musicals, the people who do those performative retellings are always recreating
it in terms of its inclusiveness of what it is to be American. I talk about
four major musicals in the book. The first was the Broadway extravaganza of
1903, which was a huge hit. Then I look at the classic MGM film, and then The
Wiz and Wicked. The last chapter is about home Oz play and school
journey with Oz intensified after having loved the movie for a long time—well, “a
long time” when I was nine years old. I like to say the movie is one I’ve
always already seen, because my earliest memory of it is that it was coming on
TV, I’d seen it before, and I was excited to see it again.
It’s rare that we have something that predates our active memory that is
also a cultural touchstone.
Yeah, and it doesn’t have the same ubiquity that it once did because we have
everything on demand now. The annual broadcasts aren’t as big a thing. It’s
interesting to discover the ways that young people now encounter The Wizard
of Oz. Sometimes it is through other adaptations like Oz the Great and
Powerful or the musical Wicked. They know the movie, but it’s an old
classic to them. Kids may get introduced to it because their school is doing
the musical and they watch the movie to learn about it.
being at the library as a kid and my mom pointed out the whole series of Oz
books. I plowed through all of them, and it’s through reading those books that
I found out about the International Wizard of Oz Club. My parents started
taking me to those conventions when I was 11. Their support is a big part of
how this interest was sustained for me.
mentioned The Wizard of Oz and the mythology of the LGBTQIA+ community. We
have recent news of another nightclub shooting; in a community that still
experiences persecution, what does this mythology mean for folks?
utopian desire is the central part of what I think The Wizard of Oz is
about. Oz musicals serve as touchstones of inclusion and exclusion in American
life. The LGBTQ+ mythology around it is usually framed something like this: You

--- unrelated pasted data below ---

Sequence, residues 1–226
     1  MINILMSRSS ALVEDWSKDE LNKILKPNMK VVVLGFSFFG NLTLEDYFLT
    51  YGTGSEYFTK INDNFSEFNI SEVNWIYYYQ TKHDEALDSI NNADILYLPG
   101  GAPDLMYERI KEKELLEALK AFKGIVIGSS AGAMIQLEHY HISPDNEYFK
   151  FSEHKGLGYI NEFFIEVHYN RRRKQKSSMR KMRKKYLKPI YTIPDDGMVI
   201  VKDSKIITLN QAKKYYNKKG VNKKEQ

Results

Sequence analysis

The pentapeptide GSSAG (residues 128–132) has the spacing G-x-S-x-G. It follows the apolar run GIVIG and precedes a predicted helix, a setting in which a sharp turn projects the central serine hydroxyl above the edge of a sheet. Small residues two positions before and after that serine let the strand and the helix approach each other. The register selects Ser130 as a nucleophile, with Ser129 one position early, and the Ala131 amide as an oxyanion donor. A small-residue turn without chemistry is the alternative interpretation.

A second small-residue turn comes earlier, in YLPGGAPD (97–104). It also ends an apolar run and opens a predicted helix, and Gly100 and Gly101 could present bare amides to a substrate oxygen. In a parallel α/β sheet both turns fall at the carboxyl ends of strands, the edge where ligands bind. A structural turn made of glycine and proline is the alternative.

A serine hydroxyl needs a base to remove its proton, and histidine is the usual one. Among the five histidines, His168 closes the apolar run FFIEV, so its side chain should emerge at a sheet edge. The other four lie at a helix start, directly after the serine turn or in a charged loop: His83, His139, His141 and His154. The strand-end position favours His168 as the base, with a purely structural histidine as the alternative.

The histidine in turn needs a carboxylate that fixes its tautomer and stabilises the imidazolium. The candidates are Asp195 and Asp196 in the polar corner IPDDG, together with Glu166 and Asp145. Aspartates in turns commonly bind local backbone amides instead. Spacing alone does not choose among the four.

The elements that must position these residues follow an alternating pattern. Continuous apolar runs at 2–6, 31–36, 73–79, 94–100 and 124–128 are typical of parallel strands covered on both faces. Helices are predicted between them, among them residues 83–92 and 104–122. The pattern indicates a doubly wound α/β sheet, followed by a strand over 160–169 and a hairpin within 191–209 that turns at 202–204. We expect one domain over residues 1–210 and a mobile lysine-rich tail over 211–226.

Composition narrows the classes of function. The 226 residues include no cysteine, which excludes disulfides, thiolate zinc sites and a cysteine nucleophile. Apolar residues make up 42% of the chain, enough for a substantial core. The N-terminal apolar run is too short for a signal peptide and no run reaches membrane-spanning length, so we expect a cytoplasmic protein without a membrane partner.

have a girl who’s kind of a misfit on the farm. And Judy Garland—who becomes an
icon for a lot of queer people, particularly later in her career—she’s playing
this role where she’s obviously misfit in it. She knows there’s something
better out there, which becomes a metaphor for queer people who have to find
their communities and chosen families, often by going to the city, so the
Emerald City becomes a metaphor for San Francisco or New York.
There is this
longing for a better, safer place, and our social spaces become that literally.
Several LGBTQ bars around the country have Oz themes. When those spaces lose
their safety, that mythology becomes all the more important—this feeling that
we’re always on the move toward that utopian ideal that’s always a little bit
out of reach. It gives us something we can use to keep moving forward.
mechanisms or survival strategies of minorities in the U.S. are deeply
embedded. A lot of people we would now recognize as being LGBTQ worked on the MGM
film. It’s such a symbol of mainstream white America but has this camp and
subversive element to it. It sends up conventional American culture with this
affectionate exaggeration of earnestness and innocence. There are a lot of ways
in which it has people in minority communities encoding themselves. Part of why
it became a cult camp classic years later is because audiences who were in the
know could decode those things.
together of fairy tale elements and musical theater make space for people to
bring themselves into the story. The Wiz is a really good example of Black
theatre artists making a claim on the American fairy tale. It’s become an
important musical in the Black community, and to the continually expanding idea
of what it is to act, sing, and dance “American.”
At the same
time, I am always trying to recognize exclusions or stereotypes. There wasn’t
literal blackface, but there were minstrel show elements in that first version
in 1903, and I argue that it is something that gets reworked and reclaimed in The
Wiz. Also, L. Frank Baum wrote an editorial essentially calling for Native
American genocide, so I wrote a bit about exclusions and questionable
representations of Native Americans in some of the Oz texts. Sometimes one
person’s idea of home or utopia is built on somebody else’s exclusion or
It is a mostly celebratory book about Oz and musicals. But I don’t want to seem
like it isn’t work to make those inclusive performances of American life. It is
something that we’re still working at, it’s ongoing, just like those queer